The database company says the $95 million buyout will bring it expertise in management of remote devices and a highly prized technology for mobile data security.
Through the deal, privately held XcelleNet will become part of Sybase's iAnywhere Solutions subsidiary, which builds software that companies use to let employees wirelessly access corporate networks. The buyout adds remote device management expertise and highly prized technology for mobile data security to Sybase's existing database and middleware products, the company said.
The acquisition marks the latest move by Dublin, Calif.-based Sybase to expand its presence in the so-called mobile middleware sector, where the iAnywhere unit has unseated rival Research In Motion as the top vendor of wireless access tools. Sybase also has released a package of Web development and database software that's intended to ease the creation of mobile business applications. The mobile middleware segment is expected to grow to $1.6 billion by 2007, according to market researcher IDC.
Sybase said it expects to gain 2,200 customers through the acquisition of Atlanta-based XcelleNet, which it is buying from Francisco Partners, a Menlo Park, Calif.-based holding company. The company expects to close the deal during the second quarter and said it will also try to expand relationships with partners and independent software vendors already working with XcelleNet, including Hewlett-Packard and Microsoft.
Sybase executives labeled the deal as the next step in the company's Unwired Enterprise initiative, which focuses on creating applications that help businesses account for the growing number of data transactions processed via mobile devices. Terry Stepien, president of the iAnywhere subsidiary, said the XcelleNet buyout will greatly improve his company's ability to help companies manage back-end operations related to mobile applications.
"Our role is in enabling these devices at the edge of corporate networks to collect and distribute information," Stepien said. "We think mobile device management will converge with security over time, and we believe the addition of the XcelleNet products will help us move in that direction."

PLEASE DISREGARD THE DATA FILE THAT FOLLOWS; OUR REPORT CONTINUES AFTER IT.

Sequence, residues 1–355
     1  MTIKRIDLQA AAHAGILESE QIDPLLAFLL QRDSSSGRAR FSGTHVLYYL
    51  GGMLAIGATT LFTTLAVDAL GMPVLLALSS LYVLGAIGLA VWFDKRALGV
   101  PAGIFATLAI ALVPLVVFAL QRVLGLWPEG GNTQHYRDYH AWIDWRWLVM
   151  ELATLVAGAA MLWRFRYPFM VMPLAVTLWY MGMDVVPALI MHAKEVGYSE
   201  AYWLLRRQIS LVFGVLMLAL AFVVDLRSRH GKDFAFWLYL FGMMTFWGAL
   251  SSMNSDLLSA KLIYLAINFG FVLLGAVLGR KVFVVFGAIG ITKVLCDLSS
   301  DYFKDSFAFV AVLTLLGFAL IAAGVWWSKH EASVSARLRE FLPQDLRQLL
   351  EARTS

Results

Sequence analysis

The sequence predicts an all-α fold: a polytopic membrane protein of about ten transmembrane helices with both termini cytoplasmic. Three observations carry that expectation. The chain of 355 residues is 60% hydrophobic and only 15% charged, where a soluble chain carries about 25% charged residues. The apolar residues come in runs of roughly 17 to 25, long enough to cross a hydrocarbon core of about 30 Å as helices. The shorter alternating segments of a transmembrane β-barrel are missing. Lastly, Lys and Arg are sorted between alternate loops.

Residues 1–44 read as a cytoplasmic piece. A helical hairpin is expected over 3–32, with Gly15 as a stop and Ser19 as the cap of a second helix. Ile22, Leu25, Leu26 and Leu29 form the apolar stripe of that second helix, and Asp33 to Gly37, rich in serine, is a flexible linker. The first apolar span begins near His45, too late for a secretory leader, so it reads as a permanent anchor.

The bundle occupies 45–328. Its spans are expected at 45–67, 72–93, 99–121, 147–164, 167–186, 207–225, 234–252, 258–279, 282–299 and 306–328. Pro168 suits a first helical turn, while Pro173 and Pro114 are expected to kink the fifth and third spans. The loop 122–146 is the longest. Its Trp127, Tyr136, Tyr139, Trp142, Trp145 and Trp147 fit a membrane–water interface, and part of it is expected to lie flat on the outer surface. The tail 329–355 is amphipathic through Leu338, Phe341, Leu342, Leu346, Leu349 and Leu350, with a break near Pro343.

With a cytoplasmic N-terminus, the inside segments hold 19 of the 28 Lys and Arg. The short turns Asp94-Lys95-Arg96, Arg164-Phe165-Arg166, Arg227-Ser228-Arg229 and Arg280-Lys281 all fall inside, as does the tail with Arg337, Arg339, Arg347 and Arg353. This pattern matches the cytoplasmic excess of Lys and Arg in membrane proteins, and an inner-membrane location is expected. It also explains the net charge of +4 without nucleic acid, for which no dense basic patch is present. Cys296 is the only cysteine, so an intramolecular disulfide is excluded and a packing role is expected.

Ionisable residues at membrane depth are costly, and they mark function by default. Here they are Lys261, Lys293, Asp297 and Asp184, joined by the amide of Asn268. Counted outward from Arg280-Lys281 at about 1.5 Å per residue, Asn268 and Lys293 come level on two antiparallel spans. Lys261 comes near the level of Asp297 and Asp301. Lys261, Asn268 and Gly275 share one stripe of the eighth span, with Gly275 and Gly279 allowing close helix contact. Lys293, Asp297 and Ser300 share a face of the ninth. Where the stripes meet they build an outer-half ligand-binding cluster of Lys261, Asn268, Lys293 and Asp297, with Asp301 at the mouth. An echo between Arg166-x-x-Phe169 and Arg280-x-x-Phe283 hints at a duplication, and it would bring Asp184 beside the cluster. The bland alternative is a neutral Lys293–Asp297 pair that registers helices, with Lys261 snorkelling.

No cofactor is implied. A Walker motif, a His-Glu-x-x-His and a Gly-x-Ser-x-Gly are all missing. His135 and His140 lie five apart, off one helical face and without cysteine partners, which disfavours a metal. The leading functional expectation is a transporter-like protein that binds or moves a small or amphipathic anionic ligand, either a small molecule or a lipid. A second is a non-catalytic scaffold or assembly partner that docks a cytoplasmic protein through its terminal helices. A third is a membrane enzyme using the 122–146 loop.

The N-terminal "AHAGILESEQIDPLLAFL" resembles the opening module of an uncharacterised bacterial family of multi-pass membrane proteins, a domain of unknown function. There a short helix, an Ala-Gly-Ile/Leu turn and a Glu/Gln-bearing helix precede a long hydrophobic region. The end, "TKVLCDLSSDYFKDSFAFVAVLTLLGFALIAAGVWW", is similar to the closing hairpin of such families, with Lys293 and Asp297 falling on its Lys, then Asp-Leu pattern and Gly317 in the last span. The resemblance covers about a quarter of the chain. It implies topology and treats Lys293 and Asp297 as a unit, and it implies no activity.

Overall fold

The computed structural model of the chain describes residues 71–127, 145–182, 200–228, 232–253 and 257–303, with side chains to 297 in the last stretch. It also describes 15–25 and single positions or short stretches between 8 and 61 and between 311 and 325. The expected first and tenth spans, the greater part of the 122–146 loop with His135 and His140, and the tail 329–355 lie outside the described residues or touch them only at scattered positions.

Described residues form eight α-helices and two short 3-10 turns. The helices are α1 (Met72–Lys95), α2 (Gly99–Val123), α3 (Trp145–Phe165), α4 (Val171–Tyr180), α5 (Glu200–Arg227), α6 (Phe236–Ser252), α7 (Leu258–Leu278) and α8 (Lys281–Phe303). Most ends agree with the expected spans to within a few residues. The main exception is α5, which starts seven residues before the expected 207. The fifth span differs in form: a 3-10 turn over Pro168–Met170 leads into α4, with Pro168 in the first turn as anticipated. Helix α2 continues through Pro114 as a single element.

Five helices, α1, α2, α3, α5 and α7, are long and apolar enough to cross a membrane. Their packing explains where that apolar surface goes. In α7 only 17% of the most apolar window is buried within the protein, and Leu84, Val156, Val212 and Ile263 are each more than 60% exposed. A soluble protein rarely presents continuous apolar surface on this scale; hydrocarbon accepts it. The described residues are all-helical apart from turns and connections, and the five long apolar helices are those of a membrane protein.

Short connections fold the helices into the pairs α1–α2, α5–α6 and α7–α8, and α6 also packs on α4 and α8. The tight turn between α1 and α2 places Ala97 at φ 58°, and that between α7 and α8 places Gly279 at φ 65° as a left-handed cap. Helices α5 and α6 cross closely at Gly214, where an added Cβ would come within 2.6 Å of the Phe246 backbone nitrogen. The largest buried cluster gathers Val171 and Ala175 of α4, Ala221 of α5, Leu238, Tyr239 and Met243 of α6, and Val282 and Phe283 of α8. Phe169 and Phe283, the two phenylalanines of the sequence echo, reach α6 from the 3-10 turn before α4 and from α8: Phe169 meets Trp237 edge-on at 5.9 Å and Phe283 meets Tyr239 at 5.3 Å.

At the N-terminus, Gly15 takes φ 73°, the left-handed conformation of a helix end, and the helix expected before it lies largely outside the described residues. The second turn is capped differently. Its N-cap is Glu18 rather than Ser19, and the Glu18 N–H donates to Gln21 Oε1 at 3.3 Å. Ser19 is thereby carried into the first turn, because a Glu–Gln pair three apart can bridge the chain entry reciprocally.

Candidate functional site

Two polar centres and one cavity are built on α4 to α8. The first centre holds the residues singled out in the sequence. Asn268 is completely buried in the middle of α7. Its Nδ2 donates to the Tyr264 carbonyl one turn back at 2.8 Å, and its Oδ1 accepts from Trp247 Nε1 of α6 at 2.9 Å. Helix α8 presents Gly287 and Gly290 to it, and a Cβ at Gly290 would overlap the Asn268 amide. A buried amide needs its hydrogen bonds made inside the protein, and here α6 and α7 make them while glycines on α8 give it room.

Joan Herbig, chief executive of XcelleNet, said the deal makes sense for her company, because it provides new resources and broader market reach. The executives said they expect to hold on to a majority of XcelleNet's current employees under Sybase, with the company existing as an individual group operating under iAnywhere.
At least one industry watcher praised the deal for both companies. Stephen Drake, an analyst at Framingham, Mass.-based research firm IDC, said the acquisition indicates Sybase's intention to move increasingly into mobile data management. Drake said the addition of XcelleNet should help Sybase establish its ability to compete more closely with larger database software makers, including IBM, Oracle and Sun.
"We're seeing within (end-user) companies that mobile deployments continue to get much larger, with far more people using mobile devices to access corporate networks and data," Drake said. "This deal gives us a broader view of where Sybase is hoping to go in tying mobility to its database and integration tools."
While Drake does not see any major holes in Sybase's current array of products, based on the XcelleNet acquisition, he said the company could improve its appeal to IT buyers by offering mobile data applications for specific vertical markets. The analyst believes that the buyout gives Sybase a great deal of expertise in security software and said the company would likely turn to partnerships, rather than to additional acquisitions, to increase security capabilities in the future.